Written by David Silverbeg

It's hard for Abe Saimeh to conceal the excitement in his voice when he's asked about nitro coffee, one of the latest trends emerging for java enthusiasts. 

“Nitrogen adds a velvet feel to coffee,” says Abe Saimeh, the vice president of sales for BROOD Refreshments. “Some say it adds a natural sweetness, and it also can be more powerful than regular coffee caffeine-wise.”

BROOD sells nitro coffee cold-brew dispensers that resemble keg taps but don't need to have kegs holding the coffee, since it can come in bags or containers. The dispensers chills the coffee to 2°C, and infuses it with nitrogen extracted from the air.

The company also sells double-tap units that can pour out nitro-infused coffee or regular cold brew. So far, more than 400 cafes and restaurants use BROOD technology, while 16 products have made their way to Canadian outlets. 

Why the slower Canadian interest? “The slow sales in Canada was a learning curve, also due to the weather,” says Saimeh. “This shortcoming led us to build the world's first dual temperature hot-cold nitro system, coming in July 2019.”

Saimeh and his team have a knack for seeing the light peering through dark cloud He recalls about the early days: “Having no money is the best bargaining chip, both internally and externally. We learned the hard way not to wait for a grant to come through or a loan to be approved. We saw over time how sales generate cash that we used to keep building stock. We learned to sell our suppliers and partners on the vision and potential of partnering with us. This is finally paying dividends for them.”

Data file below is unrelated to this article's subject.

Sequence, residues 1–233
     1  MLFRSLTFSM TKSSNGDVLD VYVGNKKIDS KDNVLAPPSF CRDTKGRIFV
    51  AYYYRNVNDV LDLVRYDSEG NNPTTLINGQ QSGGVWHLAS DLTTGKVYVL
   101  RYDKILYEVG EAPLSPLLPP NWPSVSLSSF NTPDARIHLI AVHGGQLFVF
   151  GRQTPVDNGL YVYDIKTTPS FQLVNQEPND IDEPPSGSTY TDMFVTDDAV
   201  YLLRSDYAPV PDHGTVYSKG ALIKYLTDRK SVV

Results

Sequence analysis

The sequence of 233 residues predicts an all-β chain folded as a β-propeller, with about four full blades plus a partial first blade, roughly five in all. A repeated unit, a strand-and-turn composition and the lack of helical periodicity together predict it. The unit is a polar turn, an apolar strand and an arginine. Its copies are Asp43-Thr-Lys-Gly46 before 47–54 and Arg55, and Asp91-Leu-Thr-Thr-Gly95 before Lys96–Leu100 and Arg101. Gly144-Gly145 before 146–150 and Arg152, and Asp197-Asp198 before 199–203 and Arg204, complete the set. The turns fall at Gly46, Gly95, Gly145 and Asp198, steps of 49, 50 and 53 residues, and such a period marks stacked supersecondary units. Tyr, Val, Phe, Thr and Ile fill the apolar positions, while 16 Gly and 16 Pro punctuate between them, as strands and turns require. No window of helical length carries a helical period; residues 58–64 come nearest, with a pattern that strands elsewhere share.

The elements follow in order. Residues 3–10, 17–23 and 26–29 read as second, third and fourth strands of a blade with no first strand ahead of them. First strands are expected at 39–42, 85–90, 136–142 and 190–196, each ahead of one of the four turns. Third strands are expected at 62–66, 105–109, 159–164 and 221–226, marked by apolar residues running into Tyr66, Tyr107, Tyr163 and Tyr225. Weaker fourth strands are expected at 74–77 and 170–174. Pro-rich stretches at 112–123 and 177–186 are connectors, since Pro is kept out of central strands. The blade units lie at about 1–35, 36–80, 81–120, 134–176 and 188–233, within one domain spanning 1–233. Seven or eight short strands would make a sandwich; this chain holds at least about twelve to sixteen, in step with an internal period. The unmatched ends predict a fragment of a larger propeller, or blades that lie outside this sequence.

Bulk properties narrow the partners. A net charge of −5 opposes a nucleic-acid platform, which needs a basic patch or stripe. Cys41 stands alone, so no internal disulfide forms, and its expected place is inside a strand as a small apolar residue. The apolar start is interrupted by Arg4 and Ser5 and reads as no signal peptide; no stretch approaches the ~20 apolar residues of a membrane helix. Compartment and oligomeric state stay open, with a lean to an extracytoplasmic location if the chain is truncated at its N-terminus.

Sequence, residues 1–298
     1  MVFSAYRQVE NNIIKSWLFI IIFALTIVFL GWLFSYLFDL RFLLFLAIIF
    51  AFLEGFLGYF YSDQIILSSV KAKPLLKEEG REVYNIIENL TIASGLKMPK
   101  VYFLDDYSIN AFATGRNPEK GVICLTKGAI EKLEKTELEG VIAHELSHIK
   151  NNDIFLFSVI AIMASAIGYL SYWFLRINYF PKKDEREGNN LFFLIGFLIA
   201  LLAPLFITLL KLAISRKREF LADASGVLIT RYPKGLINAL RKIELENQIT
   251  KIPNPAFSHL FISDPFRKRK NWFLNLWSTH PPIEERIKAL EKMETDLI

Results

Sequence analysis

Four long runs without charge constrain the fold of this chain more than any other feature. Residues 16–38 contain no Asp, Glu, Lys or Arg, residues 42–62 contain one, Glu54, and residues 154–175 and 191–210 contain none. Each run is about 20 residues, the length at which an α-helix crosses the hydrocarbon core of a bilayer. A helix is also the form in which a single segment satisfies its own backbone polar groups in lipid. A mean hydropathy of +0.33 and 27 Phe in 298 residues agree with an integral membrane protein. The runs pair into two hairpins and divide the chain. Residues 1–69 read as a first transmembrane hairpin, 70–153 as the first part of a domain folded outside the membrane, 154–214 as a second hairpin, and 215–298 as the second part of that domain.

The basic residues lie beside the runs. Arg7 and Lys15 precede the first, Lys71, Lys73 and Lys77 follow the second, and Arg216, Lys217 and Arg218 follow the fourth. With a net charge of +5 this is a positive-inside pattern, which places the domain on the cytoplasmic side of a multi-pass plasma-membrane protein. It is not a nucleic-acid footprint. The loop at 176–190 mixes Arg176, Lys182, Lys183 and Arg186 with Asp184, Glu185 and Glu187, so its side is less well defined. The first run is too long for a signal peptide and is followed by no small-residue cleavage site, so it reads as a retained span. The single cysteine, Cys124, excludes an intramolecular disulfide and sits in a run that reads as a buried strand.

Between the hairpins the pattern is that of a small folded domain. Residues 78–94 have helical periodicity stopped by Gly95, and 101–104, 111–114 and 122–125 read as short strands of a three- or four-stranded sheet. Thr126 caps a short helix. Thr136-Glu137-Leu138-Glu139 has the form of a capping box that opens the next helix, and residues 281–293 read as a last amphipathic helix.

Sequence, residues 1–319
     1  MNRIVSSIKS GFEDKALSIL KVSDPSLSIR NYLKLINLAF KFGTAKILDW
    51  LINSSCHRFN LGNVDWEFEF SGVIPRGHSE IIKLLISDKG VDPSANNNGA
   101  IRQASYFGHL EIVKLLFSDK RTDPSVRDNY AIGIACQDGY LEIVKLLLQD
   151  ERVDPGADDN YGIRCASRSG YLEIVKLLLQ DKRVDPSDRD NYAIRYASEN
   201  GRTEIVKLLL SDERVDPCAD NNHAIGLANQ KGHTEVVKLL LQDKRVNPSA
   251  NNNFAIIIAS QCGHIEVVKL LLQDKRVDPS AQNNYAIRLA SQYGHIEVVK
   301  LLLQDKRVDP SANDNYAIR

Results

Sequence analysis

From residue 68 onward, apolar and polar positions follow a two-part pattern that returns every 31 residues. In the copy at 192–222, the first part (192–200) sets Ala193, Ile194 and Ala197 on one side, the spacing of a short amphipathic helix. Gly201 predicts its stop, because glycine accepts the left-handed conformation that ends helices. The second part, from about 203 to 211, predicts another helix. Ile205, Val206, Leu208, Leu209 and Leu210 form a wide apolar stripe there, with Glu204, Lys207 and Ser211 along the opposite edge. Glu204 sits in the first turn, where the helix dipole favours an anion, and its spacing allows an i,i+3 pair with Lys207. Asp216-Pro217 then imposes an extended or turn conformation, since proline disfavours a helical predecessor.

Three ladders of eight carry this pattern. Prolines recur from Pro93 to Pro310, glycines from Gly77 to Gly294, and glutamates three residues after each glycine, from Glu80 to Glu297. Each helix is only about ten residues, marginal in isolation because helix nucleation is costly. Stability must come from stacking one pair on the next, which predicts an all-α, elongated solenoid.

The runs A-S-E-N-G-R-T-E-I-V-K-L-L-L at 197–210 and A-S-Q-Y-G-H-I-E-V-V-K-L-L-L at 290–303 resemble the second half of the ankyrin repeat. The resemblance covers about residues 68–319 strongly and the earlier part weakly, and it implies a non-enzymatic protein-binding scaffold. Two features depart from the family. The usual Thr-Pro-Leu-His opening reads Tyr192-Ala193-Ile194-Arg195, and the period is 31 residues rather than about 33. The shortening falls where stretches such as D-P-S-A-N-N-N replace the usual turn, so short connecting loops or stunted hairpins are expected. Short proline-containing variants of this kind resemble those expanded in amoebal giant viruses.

BROOD found favour with foreign sales before winning attention at home, with the U.S. and Japan forming their top two market. The company enjoyed hockey-stick growth thanks to, as Saimeh says, “a cultural trend to more cold brew in retailers like Starbucks. Our mission is to make our dispensers a staple item. Not just a fad.”

Marketing a business with a niche audience such as coffee retailers can be challenging, especially for a start-up with limited capital. Sameh says that as a  B2B company they wanted to branch out at first and tried to market direct to consumers but they spent more money with no measure of return. “That led us to doing exhibitions and conferences globally which had a direct measure for ROI. We learned a lot about our marketing strategy when engaging face to face, and had a true understanding of our target market at that point,” he says.

The other challenge Saimeh faces? Manufacturing to scale. BROOD can't pump out as many machines as clients request, thanks to cold-brew interest reaching a fever pitch worldwide. “We wanted to make our machines here in Canada, not in China, and we found someone we like, and now I feel some pressure, because entrepreneurs always feel like they're racing against the clock.”

When you're so in the weed with your company, it can be tough to look up and take a breath. When that happens, it can yield surprising results, such as when Saimeh visited a coffee shop on Spadina Avenue last year. “I looked and saw our dispenser was there, they were using it! And it dawned me on that yeah, this is really happening, we're really making it.”

Photo credit: Zlatko Cetinic, Images Made Real